Commenting on the launch of the Common Wealth network encouraging the churches to oppose government welfare and public spending cuts, Simon Barrow, co-director of the religion and society think-tank Ekklesia, which backs the initiative, said:
"There are signs that some churches, while expressing concern about the impact of current economic and social policies on the most vulnerable, are starting to buy into the government's 'Big Society' rhetoric in a way which could see self-interest taking the place of hard-headed analysis and a willingness to stand out for alternative practices, policies and values.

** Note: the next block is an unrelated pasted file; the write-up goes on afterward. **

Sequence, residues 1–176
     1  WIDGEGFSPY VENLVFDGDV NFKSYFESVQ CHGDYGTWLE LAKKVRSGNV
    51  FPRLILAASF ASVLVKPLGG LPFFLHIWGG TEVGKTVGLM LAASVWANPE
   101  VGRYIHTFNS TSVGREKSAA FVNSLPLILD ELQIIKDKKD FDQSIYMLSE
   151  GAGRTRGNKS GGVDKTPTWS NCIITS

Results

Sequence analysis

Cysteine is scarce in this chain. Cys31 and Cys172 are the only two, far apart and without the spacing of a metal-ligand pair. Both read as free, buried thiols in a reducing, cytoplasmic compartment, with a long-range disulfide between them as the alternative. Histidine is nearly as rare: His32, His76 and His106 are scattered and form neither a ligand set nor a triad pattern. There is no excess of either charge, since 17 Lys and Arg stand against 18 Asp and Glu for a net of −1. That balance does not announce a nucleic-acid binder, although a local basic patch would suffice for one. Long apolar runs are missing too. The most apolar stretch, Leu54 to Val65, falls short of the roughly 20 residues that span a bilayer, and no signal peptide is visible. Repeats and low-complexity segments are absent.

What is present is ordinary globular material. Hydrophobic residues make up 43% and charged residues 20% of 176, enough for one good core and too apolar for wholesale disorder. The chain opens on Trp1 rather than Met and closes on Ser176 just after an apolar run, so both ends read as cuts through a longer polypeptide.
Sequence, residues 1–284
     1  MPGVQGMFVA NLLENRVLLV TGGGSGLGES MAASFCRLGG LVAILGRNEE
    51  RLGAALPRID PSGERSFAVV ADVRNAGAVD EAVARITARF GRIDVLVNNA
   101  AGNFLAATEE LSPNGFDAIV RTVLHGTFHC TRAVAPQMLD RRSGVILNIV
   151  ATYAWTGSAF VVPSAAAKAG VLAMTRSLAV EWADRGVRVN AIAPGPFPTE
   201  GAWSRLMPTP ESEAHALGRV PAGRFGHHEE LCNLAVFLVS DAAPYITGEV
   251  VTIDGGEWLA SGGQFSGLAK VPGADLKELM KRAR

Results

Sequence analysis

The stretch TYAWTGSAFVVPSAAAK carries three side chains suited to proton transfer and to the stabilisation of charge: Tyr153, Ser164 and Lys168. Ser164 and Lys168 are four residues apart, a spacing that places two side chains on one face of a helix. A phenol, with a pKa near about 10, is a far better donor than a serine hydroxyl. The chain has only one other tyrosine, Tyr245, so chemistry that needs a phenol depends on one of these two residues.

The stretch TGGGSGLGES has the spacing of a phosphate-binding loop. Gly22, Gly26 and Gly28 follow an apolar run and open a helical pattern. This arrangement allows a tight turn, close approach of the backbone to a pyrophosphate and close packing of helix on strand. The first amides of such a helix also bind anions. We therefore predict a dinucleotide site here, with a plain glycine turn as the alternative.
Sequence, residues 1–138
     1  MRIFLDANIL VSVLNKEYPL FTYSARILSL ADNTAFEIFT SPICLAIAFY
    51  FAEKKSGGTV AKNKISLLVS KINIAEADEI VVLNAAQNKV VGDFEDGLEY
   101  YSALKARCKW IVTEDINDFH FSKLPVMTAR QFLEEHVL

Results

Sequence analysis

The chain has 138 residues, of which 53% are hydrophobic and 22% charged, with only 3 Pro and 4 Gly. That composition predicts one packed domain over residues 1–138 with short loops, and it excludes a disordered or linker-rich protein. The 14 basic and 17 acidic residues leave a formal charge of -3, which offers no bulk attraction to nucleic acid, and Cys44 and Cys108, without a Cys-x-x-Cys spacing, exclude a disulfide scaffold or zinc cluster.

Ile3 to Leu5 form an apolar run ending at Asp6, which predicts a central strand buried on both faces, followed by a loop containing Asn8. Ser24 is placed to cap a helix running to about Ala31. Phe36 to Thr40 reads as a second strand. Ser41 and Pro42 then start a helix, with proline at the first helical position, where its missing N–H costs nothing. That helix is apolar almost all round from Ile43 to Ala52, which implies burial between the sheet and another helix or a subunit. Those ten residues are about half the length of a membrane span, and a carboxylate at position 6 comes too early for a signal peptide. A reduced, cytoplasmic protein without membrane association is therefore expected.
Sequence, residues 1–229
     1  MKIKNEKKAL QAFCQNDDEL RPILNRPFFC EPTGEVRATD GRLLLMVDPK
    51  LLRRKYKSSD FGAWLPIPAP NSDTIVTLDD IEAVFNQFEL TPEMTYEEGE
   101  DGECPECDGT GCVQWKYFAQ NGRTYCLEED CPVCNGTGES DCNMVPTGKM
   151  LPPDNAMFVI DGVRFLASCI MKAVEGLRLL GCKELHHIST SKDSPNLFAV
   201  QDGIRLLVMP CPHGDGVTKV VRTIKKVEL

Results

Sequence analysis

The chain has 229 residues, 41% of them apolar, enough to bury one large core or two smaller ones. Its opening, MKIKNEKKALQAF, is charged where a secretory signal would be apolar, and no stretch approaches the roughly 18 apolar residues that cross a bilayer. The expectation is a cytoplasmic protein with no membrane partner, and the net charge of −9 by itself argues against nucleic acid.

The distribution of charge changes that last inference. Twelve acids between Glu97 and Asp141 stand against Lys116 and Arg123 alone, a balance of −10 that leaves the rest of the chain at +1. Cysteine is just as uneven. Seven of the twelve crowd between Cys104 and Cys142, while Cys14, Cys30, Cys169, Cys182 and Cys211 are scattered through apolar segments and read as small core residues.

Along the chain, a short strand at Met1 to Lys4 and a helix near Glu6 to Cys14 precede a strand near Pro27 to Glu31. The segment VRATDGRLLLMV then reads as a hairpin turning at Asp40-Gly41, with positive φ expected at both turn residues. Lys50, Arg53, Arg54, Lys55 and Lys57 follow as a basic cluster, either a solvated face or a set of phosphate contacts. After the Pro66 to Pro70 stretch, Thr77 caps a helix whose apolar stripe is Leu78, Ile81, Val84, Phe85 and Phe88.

"The Common Wealth statement says that the 'Big Society' is an excuse for those with power and wealth to hide behind the social commitment of ordinary people which they played no part in creating, and whose financing they are actually threatening.
"Big does not mean 'just' or 'better'. The danger for the churches is that, in their rush to 'get involved' and achieve public recognition, they will be used to plug dangerous gaps in social provision which end up making people dependent on charity.
"Yet core Christian convictions are inimical to a society increasingly divided between haves and have-nots, and suggest that the role of the Christian community is to work for creative alternatives and build a just society rather than prop up a one-sided status quo."
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